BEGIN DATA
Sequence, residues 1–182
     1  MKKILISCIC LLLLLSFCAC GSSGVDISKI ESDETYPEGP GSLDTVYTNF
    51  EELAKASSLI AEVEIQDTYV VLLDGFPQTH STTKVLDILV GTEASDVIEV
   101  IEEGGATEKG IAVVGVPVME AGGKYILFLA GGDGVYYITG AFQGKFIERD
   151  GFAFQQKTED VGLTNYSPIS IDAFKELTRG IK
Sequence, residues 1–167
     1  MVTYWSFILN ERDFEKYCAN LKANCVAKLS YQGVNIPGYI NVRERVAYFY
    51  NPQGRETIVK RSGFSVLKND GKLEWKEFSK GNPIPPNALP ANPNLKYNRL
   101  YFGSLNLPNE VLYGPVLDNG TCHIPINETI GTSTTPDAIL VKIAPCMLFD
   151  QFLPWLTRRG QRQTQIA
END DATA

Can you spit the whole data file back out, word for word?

Sequence, residues 1–182
     1  MKKILISCIC LLLLLSFCAC GSSGVDISKI ESDETYPEGP GSLDTVYTNF
    51  EELAKASSLI AEVEIQDTYV VLLDGFPQTH STTKVLDILV GTEASDVIEV
   101  IEEGGATEKG IAVVGVPVME AGGKYILFLA GGDGVYYITG AFQGKFIERD
   151  GFAFQQKTED VGLTNYSPIS IDAFKELTRG IK
Sequence, residues 1–167
     1  MVTYWSFILN ERDFEKYCAN LKANCVAKLS YQGVNIPGYI NVRERVAYFY
    51  NPQGRETIVK RSGFSVLKND GKLEWKEFSK GNPIPPNALP ANPNLKYNRL
   101  YFGSLNLPNE VLYGPVLDNG TCHIPINETI GTSTTPDAIL VKIAPCMLFD
   151  QFLPWLTRRG QRQTQIA